September 01, 2016
Ruth Hubbard Wald, a prominent biochemist and feminist who taught for many years at Radcliffe and Harvard and published numerous books on biology, women’s issues, and the politics of science died this morning (September 1) at her home in Cambridge, Massachusetts. She was 92 years old and died of natural causes, with her family around her.
Ruth Wald was born Ruth Hoffmann in Vienna, Austria, on March 3, 1924. Her parents, Richard Hoffmann and Helene Ehrlich Hoffmann, were both physicians and leftist intellectuals. Her mother was also a concert-quality pianist, and Ruth gave promising recitals on the instrument as a child, but then the Nazis arrived. In 1938, the Hoffmanns immigrated to the United States, settling first in Brookline, where Ruth graduated Brookline High School, and then in Cambridge.
As a pre-med student at Radcliffe, Ruth met her first husband, Frank Hubbard, and later recalled with pleasure the months they spent touring Europe together on his motorcycle as he researched historical harpsichords, before returning to the United States, where he became a leading instrument maker in the early music revival.
By that time Ruth had met George Wald, who was to be her second husband. They met at Harvard, where he was a professor of biology. Though both were married, they fell in love and maintained a quiet and passionate relationship over the next dozen years, while also working together and publishing many papers as collaborators, exploring the physiochemistry of vision.
Ruth’s marriage with Frank Hubbard ended in 1951, and in 1958 Wald divorced his first wife and they were married. Their son Elijah was born in 1959 and their daughter Deborah two years later.
The Walds continued to work together at Harvard and during summers at the Marine Biological Laboratories in Woods Hole. They also shared a deep love of art and literature, played music together, and traveled to Europe, Latin America, and Africa.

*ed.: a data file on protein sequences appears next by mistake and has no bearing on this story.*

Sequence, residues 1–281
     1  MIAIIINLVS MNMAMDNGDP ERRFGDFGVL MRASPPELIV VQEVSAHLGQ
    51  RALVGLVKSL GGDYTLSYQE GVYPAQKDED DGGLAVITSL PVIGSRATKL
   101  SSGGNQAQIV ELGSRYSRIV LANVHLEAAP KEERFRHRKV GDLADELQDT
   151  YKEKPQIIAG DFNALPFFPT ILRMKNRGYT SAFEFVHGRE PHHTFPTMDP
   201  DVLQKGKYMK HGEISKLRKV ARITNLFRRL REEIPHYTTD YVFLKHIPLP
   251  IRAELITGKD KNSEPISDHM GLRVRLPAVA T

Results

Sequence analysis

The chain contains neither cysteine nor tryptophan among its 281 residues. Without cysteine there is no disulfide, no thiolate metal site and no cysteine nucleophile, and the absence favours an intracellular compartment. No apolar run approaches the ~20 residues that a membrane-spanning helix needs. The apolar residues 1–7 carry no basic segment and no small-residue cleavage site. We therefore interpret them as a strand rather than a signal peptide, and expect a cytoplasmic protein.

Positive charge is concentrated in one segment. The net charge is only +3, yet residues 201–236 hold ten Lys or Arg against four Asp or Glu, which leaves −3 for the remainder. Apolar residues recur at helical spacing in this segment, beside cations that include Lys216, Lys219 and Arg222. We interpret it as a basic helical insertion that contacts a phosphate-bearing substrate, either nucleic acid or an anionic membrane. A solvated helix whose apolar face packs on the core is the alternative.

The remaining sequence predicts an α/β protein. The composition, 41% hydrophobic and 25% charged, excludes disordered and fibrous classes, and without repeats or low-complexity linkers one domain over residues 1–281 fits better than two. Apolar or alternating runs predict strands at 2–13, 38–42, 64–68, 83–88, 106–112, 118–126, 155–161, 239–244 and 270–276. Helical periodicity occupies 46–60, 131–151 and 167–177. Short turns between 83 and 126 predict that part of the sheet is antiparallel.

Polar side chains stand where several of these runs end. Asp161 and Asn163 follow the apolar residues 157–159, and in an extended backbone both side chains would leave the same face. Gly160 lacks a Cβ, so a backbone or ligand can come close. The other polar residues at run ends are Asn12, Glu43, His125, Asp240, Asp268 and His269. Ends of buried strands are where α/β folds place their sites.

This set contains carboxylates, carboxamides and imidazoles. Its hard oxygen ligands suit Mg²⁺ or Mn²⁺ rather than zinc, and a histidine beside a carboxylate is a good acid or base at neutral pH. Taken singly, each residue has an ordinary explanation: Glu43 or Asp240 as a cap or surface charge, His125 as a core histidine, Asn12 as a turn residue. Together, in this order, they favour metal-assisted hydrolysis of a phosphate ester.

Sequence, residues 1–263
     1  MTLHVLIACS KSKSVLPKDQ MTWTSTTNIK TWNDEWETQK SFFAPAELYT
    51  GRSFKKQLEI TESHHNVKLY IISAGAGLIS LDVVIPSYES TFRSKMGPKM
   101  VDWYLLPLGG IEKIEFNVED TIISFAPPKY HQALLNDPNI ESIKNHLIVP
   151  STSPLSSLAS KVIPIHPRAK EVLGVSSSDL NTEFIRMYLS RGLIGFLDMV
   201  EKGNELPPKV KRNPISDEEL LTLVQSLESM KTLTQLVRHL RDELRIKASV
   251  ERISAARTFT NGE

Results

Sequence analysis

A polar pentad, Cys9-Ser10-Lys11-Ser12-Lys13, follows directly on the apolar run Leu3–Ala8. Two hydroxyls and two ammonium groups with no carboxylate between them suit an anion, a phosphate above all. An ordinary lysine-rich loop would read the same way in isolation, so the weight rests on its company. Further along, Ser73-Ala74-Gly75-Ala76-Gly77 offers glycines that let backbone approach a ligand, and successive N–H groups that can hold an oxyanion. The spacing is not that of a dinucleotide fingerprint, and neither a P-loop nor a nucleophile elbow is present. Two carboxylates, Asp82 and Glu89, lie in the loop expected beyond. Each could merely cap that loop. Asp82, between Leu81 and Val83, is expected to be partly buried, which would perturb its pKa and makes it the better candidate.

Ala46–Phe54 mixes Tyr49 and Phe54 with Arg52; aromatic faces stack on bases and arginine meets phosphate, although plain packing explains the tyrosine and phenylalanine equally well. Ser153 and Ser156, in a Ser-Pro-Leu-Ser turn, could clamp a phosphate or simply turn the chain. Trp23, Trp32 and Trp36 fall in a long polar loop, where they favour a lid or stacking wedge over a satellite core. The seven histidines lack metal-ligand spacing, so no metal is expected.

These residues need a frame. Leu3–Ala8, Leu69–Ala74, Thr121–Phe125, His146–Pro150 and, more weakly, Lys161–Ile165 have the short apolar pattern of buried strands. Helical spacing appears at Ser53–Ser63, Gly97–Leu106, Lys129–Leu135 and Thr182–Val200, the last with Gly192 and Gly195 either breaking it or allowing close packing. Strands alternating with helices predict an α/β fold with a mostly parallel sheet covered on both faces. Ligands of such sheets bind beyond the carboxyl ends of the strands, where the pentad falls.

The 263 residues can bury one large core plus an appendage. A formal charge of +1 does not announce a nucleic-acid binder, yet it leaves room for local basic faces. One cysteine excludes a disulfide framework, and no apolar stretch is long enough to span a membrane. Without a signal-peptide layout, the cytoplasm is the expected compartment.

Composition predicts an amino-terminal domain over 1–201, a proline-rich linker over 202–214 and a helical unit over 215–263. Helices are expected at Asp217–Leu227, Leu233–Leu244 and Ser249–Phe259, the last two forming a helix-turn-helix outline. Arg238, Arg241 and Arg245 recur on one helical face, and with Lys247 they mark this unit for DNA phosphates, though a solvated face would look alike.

By the 1970s their main interests were shifting from science to political activism. After receiving a Nobel prize in 1967, George made a major speech against the Vietnam War and devoted much of his energy over the next decades to anti-war, anti-nuclear, and social justice issues.
Ruth had always been a committed radical – her parents were active socialists in Austria and her brother Alexander was a lawyer for the Black Panthers and the United Farm Workers—and she devoted most of her energies from the 1970s on to feminism, in particular as a feminist critic and historian of Western science. In 1979 she published Women Look at Biology Looking at Women, a collection of essays co-edited by Mary Sue Henifin and Barbara Fried, followed in 1990 by her own The Politics of Women’s Biology, and in 1995 by Profitable Promises: Essays on Women, Science & Health. She also wrote a critique of modern genetic technologies, Exploding the Gene Myth, with her son Elijah, and a dual autobiography and philosophical exploration, The Shape of Red: Insider/Outsider Reflections, with Margaret Randall.
After fifteen years at Harvard as a research associate and lecturer, in 1973 Hubbard became the first woman to be awarded a tenured biology professorship at the university. Her courses on biology and women’s issues shaped a generation of students.
Though she became less publically active after the death of her husband in 1996, she remained a familiar figure around Cambridge and Woods Hole, an indefatigable walker and swimmer with a mane of long gray hair. She continued to work with the Committee for Responsible Genetics, the American Civil Liberties Union, and other social justice groups, while also taking up poetry and painting and regularly attending classical music concerts.
She is survived by her son and daughter, Elijah and Deborah, her daughters-in-law Sandrine and Brooke, and her grandsons, Ezekiel and Oliver. A memorial celebration will be held at some point in the spring.